Morgan Stanley and Goldman Sachs: Friday Sale of Shares for $19 billion

Morgan Stanley and Goldman Sachs: Friday Sale of Shares for $19 billion

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Seems like we know nothing about really vast and fast liquidations of assets; or at least, we didn’t know before last Friday. Goldman Sachs and Morgan Stanley managed to surprise the stock market as if demonstrating that there’s nothing impossible. What happened? Why? What did it lead to? This is just a part of questions asked by traders. Let’s find out together.

Goldman Sachs sold stocks for $10.5 billion overnight

According to Bloomberg, on March 26th, one of the world’s largest investment banks Goldman Sachs closed package trades for $6.6 billion on pre-market. Shares of such Chinese IT giants as Tencent Music Entertainment Group, Baidu, and Vipshop Holdings were sold.

When the trading session started, the bank kept getting rid of Chinese assets. Package trades touched upon GSX Techedu and iQiyi. Later the bank sold the shares of American media groups – Discovery Communications and ViacomCBS – and a British-Portugal company Farfetch. The overall sum of trades amounted to $3.9 billion.

Morgan Stanley liquidated assets for $8 billion

According to the Financial Times, on Friday, an American financial conglomerate Morgan Stanley joined the vast and unexpected sale initiated by Goldman Sachs. It sold shares for $8 billion overnight.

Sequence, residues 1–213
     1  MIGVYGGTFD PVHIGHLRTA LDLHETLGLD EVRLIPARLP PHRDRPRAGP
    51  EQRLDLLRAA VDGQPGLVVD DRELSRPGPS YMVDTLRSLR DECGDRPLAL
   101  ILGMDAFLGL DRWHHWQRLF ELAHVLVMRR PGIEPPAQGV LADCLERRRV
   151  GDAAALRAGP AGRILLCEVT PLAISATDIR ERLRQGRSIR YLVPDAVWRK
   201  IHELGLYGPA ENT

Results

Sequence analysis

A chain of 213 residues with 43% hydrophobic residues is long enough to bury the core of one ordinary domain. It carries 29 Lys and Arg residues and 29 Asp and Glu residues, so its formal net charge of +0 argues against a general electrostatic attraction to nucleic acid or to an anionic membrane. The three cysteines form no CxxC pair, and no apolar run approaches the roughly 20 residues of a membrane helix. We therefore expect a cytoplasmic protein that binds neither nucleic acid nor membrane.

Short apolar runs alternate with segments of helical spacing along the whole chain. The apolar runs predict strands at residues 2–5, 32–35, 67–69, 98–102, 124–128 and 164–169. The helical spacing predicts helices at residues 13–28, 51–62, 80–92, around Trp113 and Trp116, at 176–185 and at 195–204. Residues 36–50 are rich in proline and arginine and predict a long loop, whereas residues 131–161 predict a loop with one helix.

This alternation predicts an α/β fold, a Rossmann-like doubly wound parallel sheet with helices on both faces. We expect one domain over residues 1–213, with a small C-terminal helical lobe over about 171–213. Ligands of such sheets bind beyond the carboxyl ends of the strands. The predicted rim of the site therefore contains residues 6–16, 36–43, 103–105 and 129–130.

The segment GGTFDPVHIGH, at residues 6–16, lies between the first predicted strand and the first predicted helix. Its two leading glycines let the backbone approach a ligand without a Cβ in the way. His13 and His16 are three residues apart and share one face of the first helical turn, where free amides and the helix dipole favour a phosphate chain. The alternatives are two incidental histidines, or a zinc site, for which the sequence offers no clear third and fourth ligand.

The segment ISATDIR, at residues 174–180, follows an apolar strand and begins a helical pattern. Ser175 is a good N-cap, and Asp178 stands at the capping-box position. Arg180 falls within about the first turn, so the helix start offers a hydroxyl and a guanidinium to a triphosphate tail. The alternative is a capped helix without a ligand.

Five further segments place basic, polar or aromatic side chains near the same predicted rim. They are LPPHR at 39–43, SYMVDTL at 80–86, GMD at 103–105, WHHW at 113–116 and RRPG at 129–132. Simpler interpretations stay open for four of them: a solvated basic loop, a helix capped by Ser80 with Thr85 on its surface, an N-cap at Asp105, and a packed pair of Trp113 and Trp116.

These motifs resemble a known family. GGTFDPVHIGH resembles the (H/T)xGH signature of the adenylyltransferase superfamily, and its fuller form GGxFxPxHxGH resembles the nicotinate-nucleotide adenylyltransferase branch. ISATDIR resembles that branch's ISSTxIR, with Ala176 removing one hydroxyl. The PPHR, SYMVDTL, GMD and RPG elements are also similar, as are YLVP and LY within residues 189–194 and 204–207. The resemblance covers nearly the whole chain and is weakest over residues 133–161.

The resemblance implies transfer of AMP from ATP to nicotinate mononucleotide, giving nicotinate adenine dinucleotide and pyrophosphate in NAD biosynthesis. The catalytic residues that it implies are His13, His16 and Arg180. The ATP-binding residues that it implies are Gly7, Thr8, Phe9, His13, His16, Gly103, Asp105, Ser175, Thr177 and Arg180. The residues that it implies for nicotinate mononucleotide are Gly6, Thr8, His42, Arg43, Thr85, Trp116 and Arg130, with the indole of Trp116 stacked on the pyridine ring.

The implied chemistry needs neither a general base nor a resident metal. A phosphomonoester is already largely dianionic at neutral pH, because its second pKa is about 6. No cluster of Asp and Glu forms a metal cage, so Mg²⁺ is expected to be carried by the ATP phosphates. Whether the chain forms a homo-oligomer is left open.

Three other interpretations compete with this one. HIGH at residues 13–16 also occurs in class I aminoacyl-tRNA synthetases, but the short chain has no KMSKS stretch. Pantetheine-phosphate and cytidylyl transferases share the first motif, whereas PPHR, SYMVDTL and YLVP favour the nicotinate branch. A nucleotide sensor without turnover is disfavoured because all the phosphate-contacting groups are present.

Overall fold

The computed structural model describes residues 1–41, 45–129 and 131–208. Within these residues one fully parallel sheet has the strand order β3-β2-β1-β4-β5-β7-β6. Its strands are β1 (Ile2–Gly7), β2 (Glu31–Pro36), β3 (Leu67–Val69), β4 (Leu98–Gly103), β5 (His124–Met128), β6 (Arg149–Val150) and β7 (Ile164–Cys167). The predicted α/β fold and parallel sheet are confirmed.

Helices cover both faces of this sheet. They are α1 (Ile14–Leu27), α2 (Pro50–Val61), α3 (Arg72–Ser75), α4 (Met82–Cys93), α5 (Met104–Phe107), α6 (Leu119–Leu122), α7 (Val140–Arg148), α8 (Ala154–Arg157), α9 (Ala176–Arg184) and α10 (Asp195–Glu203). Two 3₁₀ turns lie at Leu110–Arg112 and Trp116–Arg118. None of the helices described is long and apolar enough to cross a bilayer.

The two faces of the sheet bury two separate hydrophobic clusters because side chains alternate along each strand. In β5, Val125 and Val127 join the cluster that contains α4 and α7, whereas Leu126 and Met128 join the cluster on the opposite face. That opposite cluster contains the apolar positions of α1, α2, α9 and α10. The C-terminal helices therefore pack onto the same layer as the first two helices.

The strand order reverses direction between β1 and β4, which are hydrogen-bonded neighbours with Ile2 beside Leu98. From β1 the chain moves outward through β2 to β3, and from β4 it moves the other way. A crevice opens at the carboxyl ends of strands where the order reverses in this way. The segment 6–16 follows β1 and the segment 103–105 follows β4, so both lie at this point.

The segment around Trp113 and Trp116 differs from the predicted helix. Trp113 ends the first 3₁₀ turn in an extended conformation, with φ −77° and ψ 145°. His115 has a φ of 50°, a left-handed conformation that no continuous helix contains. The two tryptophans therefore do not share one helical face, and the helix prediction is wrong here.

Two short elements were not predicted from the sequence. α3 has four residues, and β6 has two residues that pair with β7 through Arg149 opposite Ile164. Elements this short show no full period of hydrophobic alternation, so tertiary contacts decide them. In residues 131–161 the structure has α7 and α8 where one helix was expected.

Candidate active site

Bloomberg notes that Morgan Stanley stood behind the majority of package trades by Goldman Sachs. The financial giants abstain from any comments, including about the investors the interests of which they represented.

What does Archegos Capital Management have to do with it?

According to CNBC and IPO Edge, that in such an emergency and massive way, the banks liquidated the assets of a family investment office Archegos Capital Management founded by Bill Hwang in 2013.

Forbes mentions such a curious fact: in the EDGAR (Electronic Data Gathering, Analysis and Retrieval) database used by the SEC, information about Archegos Capital Management is virtually lacking.

Mind that being a family office, Archegos was allowed not to provide reports and data to the SEC. Meanwhile, in 2012, mister Hwang was accused of insider trading and market manipulations and fined by the SEC for $44 million.

The sale pulled the market down

According to Forbes, the traded stocks dropped by $35 billion totally. The deepest slumps were experienced by the following shares:

  • GSX Techedu (NYSE:GSX) – by 41.56%, from 66.75 to 39.01 USD.
  • Discovery (NASDAQ:DISCA) – by 27.45%, from 57.75 to 41.9 USD.
  • ViacomCBS (NASDAQ:VIAC) – by 27.31%, from 66.35 to 48.23 USD.
  • iQiyi (NASDAQ:IQ) – by 13.20%, from 20.08 to 17.43 USD.

Summing up

On March 26th, Morgan Stanley and Goldman Sachs sold stocks owned y the mysterious Archegos Capital Management. The total cost was almost $19 billion. The liquidation provoked a market slump and falling of the stock price of Chinese IT giants and American media holdings by $35 billion total.

Why did such authoritative financial organizations managed the assets of such a dubious family office? Will regulators put responsibility on anyone? How come that a man fined for insider trading and market manipulations legally provided his data to the SEC?

These are, indeed, important questions, aren’t they? Many analysts are asking them after such an astonishing sale. Unfortunately, there are no answers yet.

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